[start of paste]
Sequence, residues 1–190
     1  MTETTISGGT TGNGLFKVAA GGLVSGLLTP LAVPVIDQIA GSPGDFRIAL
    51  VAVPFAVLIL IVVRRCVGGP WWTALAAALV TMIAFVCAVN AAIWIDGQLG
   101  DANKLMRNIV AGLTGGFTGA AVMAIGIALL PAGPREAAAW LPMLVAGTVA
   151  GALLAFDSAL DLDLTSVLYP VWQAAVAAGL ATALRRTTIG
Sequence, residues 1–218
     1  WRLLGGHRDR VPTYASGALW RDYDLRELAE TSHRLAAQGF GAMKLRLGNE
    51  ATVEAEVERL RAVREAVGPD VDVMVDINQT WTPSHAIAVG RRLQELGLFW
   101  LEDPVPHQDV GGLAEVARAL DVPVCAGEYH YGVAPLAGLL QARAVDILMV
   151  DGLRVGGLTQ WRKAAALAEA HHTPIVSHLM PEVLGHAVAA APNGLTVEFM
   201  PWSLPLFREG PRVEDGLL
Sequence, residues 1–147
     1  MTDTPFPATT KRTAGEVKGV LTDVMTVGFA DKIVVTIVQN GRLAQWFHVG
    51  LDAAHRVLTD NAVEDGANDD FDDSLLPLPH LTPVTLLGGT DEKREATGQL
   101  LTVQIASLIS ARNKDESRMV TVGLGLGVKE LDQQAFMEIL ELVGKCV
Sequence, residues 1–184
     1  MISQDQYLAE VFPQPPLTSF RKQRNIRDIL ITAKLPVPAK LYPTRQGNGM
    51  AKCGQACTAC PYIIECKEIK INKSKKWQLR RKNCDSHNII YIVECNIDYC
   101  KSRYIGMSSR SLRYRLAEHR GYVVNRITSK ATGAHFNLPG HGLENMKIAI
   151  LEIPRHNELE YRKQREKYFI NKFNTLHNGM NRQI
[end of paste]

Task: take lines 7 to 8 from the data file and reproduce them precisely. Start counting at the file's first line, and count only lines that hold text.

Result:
     1  WRLLGGHRDR VPTYASGALW RDYDLRELAE TSHRLAAQGF GAMKLRLGNE
    51  ATVEAEVERL RAVREAVGPD VDVMVDINQT WTPSHAIAVG RRLQELGLFW